A few weeks ago I received an e-mail from my brother with an attached photo taken by his granddaughter, my great-neice. She had been touring Hollywood, and specifically the Walk of Fame, and stepped on a sidewalk star for an Al Pearce. Pearce is her family name and is covered extensively on this website. She took a picture and sent it to her dad, who forwarded it to me. For all the research I’ve done on Pearces from all parts of the world, in every line of work, I had never heard of Al Pearce. Oh, my father had a cousin named Albert Pearce, who was a well-known Butler County, PA, Jewel Tea man, but according to the famous actor’s bio, the spelling of his last name was originally “Pierce,” or as my mother Ruth would say, “He was a ‘pie’ Pearce.” Long story short, I Googled “Al Pearce” and there was lots of information and photographs. Let’s begin with his biography from the Los Angeles Times in 1961 just after his death from complications of abdominal surgery:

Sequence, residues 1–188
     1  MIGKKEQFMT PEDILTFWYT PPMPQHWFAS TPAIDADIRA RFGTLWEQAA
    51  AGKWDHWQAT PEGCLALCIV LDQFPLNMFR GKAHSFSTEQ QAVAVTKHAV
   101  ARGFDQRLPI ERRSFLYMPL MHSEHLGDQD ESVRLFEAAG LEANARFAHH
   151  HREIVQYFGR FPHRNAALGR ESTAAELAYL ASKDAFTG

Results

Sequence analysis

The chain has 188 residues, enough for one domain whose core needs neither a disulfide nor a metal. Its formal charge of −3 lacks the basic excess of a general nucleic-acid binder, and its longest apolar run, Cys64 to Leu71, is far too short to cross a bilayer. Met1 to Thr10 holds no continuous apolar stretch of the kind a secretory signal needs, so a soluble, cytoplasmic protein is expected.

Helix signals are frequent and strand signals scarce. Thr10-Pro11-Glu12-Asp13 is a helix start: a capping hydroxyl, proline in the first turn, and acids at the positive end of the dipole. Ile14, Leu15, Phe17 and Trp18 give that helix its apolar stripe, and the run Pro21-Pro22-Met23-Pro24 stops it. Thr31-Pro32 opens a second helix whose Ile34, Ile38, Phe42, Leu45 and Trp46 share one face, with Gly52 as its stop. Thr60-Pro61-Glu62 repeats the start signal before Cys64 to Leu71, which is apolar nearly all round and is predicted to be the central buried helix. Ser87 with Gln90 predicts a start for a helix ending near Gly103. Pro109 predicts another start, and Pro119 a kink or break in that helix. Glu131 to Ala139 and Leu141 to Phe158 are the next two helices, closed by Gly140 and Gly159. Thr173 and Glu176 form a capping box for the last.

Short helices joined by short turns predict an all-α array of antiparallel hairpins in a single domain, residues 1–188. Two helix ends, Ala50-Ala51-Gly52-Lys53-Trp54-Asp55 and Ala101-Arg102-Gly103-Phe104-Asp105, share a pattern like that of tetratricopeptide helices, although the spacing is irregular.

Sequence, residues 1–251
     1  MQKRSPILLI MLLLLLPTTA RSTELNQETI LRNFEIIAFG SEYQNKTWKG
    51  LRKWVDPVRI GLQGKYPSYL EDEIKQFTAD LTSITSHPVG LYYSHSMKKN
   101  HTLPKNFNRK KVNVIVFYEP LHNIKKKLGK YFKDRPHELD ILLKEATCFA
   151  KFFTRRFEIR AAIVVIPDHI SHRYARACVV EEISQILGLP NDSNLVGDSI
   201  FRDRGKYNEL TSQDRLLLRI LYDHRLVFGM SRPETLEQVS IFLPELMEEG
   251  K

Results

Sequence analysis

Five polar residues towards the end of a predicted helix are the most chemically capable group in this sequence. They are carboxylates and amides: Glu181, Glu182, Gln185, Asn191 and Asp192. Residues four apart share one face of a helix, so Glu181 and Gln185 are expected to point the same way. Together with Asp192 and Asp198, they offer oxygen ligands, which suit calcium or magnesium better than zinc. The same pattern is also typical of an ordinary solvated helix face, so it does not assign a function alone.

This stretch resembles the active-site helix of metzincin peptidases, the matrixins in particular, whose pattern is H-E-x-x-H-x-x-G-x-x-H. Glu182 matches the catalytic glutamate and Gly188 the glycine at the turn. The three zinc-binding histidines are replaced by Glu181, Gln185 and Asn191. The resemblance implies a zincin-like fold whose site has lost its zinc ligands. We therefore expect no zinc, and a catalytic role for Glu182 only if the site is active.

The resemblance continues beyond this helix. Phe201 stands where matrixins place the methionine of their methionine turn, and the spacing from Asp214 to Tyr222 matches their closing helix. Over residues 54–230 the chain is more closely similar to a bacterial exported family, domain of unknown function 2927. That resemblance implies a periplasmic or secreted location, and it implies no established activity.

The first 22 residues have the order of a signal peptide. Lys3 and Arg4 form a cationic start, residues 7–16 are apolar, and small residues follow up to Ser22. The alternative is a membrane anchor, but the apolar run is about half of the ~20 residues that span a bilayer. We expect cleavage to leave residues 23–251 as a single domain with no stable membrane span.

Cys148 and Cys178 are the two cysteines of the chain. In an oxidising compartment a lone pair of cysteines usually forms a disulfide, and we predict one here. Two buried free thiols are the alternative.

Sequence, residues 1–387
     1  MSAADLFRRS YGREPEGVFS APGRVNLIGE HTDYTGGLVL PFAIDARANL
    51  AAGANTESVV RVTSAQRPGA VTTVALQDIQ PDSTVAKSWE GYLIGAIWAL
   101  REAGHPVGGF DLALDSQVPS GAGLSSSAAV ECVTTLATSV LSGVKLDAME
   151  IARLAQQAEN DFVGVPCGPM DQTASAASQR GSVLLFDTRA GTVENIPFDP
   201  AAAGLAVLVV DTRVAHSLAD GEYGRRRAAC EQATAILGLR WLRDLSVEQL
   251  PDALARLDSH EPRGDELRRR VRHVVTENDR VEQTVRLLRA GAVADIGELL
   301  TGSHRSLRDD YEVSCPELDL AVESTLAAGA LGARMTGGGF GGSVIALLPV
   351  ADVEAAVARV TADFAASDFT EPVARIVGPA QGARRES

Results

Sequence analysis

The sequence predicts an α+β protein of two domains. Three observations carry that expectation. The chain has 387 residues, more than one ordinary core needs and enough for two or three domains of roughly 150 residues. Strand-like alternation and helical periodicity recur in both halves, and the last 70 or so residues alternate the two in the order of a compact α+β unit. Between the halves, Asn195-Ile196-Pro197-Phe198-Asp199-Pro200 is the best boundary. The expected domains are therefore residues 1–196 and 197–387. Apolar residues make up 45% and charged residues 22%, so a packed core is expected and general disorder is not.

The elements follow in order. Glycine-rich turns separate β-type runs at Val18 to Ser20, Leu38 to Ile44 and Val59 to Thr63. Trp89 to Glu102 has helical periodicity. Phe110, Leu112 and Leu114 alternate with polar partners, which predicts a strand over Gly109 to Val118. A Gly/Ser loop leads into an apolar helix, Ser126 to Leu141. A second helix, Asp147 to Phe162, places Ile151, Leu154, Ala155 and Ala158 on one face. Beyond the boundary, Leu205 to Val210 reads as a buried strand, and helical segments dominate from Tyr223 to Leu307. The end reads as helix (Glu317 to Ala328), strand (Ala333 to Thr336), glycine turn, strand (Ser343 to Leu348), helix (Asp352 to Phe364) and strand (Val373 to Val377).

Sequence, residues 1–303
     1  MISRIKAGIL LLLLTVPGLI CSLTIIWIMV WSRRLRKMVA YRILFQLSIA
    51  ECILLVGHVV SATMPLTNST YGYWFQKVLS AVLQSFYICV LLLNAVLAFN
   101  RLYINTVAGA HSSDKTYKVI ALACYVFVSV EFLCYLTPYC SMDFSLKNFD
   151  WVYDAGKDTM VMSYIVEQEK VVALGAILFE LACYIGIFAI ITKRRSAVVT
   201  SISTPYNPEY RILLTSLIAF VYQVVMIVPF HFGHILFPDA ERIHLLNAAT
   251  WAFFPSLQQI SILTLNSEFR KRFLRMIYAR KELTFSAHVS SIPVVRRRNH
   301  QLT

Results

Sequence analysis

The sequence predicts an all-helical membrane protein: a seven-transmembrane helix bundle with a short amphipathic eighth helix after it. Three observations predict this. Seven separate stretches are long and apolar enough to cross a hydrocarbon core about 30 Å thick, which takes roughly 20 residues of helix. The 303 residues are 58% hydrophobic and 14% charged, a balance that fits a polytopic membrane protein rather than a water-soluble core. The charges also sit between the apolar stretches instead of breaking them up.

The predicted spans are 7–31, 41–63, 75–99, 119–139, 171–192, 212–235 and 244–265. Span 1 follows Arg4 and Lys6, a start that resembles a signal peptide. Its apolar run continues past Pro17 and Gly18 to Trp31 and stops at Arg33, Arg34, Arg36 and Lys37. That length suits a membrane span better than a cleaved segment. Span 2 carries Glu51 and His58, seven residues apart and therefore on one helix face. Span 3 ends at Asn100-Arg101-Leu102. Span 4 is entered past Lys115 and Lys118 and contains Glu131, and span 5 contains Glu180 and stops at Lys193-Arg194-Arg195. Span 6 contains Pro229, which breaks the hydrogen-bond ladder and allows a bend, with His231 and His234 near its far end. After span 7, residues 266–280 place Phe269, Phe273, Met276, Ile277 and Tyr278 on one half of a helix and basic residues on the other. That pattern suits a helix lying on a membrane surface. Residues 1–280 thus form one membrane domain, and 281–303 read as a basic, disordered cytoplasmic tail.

Albert W. Pearce was born on July 25, 1898, in San Francisco and became one of radio’s most successful entertainers. His daytime program, “The Happy Go Lucky Hour with Al Pearce and his gang,” began on KFRC, San Francisco, in 1926 with the sound of his famous knock on a housewife’s door and his remark, “Nobody at home, I hope, I hope, I hope.” The program featured one of the first live studio audiences and soon spread to LA and Fresno. With the advent of television in 1946, he took his show to an even larger audience on Channel 2.
One older gentleman was quoted as saying, “I remember Al Pearce when he lived on Wabash Avenue in San Bernardino and had a pet raccoon and was marketing his brand of barbeque sauce. He was quiet and polite.”
What a pleasant discovery to find this fellow broadcaster and writer! I hope we’re related. Research continues.
Last revised: 11/21/23